I am concerned about the slippery slope of quality metrics that ACOs, private payors and CMS are stepping further down into.  My primary concern is that decisions being made by payors on the use of quality metrics are too often resulting in unfair or unethical use of quality metrics.   It is critical for community physicians to engage with these entities now to level the slope and establish a more optimal precedent for the future use of quality metrics.

Several years ago I participated in the Texas Medical Association's (TMA) launch of their Health Care Quality Council.  One of Council’s primary interests has been the issues inherent to pay-for-performance programs and the use of quality metrics by payors.   Some of these issues overlap onto the TMA's ad hoc Health IT Committee that I serve on as well.    Physicians in Texas have reported to these committees about unfair and unethical applications of quality metrics such as failure to consider risk adjustments for severity-of-illness or for important socioeconomic factors.   Many physicians are concerned  that they are getting overwhelmed by requests for different sets of quality metrics from different private payors as well as from CMS.   They are also frustrated by the variable, non-standardized methods by which each payor requires the physician's data to be formatted and/or submitted.

Based on my experience with these TMA committees, I have no confidence in the ability of insurance companies or ACOs to develop and use quality metrics in a fair and ethical manner without intimate involvement of working physicians from the community served by the ACOs/payors.    

There are guiding principles available regarding the fair and ethical use of quality metrics from the TMA and the AMA.     Physicians should actively engage with their ACOs and payors to ensure that these guiding principles are adhered to as quality metrics are developed.

 

 fort worthcook children's, athenahealth, meditech


Mandating Physicians to Use SNOMED codes Has Higher Potential to Improve Healthcare Than ICD-10 Mandate

I have consistently advocated for skipping ICD-10 and initiating an unprecedented effort to accelerate the development of ICD-11-CM.  Although I still believe this strategy to be the one best aligned with quality care, I fear that the sunken ICD-10 costs are now so large that skipping ICD-10 is unpalatable for most organizations, even for some physicians, and is politically perilous.  Since we must do something, I have been thinking more about the proposal to replace ICD-9 with SNOMED in physician practices.  Leveraging SNOMED to improve care, lower costs and remove physician practices from the ICD conversion melees should be a serious national conversation at this point.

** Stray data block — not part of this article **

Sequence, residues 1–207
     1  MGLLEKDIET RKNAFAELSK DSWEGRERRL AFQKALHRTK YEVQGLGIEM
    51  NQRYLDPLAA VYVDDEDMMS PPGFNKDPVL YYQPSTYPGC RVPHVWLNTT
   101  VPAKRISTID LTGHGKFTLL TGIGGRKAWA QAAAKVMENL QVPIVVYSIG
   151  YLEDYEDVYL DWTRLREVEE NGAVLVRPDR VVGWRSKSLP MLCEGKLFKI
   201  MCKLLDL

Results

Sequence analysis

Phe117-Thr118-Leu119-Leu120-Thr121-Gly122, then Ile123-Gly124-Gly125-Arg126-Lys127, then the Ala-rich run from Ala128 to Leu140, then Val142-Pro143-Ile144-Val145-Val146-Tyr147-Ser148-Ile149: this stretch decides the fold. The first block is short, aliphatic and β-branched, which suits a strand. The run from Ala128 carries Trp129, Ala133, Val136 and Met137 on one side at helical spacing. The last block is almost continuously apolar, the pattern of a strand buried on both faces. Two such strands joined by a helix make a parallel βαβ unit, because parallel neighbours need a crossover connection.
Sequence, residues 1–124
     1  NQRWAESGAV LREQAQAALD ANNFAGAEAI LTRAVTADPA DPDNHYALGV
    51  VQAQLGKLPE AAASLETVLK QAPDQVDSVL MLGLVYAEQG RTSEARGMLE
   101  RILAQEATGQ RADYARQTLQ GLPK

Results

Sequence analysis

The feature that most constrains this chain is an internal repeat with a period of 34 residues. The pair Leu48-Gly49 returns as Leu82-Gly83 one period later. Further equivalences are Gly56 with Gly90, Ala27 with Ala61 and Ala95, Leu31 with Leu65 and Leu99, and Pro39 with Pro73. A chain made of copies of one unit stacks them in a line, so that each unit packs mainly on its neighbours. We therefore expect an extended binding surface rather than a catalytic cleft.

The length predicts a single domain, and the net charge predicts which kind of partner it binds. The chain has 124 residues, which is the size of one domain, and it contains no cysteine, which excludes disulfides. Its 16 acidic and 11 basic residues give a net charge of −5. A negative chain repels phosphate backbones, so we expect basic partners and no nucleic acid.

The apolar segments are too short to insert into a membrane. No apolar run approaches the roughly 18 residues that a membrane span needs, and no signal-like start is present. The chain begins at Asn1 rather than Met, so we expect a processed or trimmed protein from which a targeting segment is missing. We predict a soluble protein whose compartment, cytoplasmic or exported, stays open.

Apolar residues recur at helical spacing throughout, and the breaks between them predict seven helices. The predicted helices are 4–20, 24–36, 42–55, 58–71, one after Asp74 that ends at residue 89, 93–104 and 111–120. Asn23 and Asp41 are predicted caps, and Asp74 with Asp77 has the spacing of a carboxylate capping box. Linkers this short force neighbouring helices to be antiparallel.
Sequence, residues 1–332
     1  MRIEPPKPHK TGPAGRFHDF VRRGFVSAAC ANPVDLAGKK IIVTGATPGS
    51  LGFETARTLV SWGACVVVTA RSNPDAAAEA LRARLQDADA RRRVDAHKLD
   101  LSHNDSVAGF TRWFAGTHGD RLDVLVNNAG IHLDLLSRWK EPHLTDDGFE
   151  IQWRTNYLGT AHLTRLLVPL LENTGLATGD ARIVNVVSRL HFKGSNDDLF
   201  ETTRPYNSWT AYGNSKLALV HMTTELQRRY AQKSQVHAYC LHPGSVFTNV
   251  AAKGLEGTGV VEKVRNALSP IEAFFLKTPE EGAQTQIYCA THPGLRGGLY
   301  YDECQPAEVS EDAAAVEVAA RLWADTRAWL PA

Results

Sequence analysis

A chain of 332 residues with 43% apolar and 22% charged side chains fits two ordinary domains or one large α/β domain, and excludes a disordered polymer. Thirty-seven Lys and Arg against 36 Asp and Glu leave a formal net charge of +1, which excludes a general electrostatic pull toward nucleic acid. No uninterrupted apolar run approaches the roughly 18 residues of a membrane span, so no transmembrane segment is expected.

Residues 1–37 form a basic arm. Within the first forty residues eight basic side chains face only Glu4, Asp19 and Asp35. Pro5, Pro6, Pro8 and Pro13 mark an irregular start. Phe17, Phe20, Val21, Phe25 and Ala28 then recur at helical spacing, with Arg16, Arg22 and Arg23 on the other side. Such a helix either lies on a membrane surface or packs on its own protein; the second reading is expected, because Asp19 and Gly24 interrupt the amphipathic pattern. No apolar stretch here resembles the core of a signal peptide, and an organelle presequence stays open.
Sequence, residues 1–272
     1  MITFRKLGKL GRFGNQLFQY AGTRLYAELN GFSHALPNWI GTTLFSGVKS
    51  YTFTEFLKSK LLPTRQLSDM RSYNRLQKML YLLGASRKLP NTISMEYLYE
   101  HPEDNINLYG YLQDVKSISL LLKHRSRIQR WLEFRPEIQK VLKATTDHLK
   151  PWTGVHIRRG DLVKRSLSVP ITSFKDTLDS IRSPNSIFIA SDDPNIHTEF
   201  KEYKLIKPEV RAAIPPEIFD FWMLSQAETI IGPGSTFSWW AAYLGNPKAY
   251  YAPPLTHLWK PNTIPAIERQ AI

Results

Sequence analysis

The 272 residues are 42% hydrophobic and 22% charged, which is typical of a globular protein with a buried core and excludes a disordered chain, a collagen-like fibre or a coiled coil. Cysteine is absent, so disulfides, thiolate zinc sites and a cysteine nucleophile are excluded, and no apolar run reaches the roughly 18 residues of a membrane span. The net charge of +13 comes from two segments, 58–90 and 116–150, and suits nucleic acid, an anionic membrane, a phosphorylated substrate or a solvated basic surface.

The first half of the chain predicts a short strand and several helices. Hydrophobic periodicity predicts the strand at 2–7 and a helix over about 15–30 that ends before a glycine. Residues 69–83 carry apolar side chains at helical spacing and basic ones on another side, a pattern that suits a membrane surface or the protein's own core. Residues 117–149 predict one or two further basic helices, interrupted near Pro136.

After several delays CMS has established October 1, 2015 as the new implementation date for the replacement of ICD-9 code sets used by medical coders and billers to report healthcare diagnoses and procedures with ICD-10 codes   But another postponement remains a possibility--especially when one considers the unclear reasons for action taken by Congress earlier this year to call off the 2014 implementation.  ICD conversion delays are costly to the healthcare industry and action should be taken to address the impediments that increase the risk of such delays.   One of the major impediments to address is the adverse impact ICD conversions have on individual physician practices.    
 
So let's jump out of the box of conventional charged impulses propagating across our cerebrums (thinking) to consider how to make ICD-10 optional for physician practices while still achieving our goal of dispensing with obsolete ICD-9 code sets.  One alternative is to mandate physicians replace ICD-9 codes sets with SNOMED code sets and require EHRs to incorporate translator technology that converts SNOMED to ICD codes in the background.  Since it would not be practicable to expect EHR vendors to incorporate the translator technology into their products by October 1, 2015, there would need to be an interim period where physician practices are exempt from the requirement to use ICD-10 codes sets until their EHR incorporates the translator technology.    This alternative mandate allows the ICD-10 conversion to proceed for the rest of the healthcare industry including any physician practices who see value in completing their conversion.  This mandate would reduce the current and future adverse impacts that ICD conversions have on physician practices, has higher potential to improve care, is more cost effective, helps EHRs be more user-friendly to physicians and mitigates the risk of further delays to ICD-10 as well as future ICD-X conversions.
 
I would anticipate a two-year transitional period where the ICD-10 conversion would be optional for physician practices based on an assumption that EHR vendors will need until 2017 to upgrade their products.  
 
Some opposition among physicians is likely to be encountered due to their lack of familiarity with SNOMED as well as questions about how this alternative strategy adds value to patient care.   I base that on the responses I heard from some respected colleagues at this weekend's Texas Medical Association meeting.  The unfamiliarity issue can be addressed by pointing out that many of us are already using SNOMED, but that we just do not know it.  CMS mandates that the problem lists in EHRs use SNOMED codes, so when one selects "Exercise-induced asthma" from a pick list of problems in their certified EHR, they are actually using SNOMED. 
 
More difficult to articulate to physicians is how this proposal to convert from using ICD-9 to SNOMED codes in our EHRs would improve healthcare, how it would improve their work flow and how this is more cost effective for physicians as compared to complying with the current mandate.  So I have developed the following bullet list to use when describing this to my colleagues: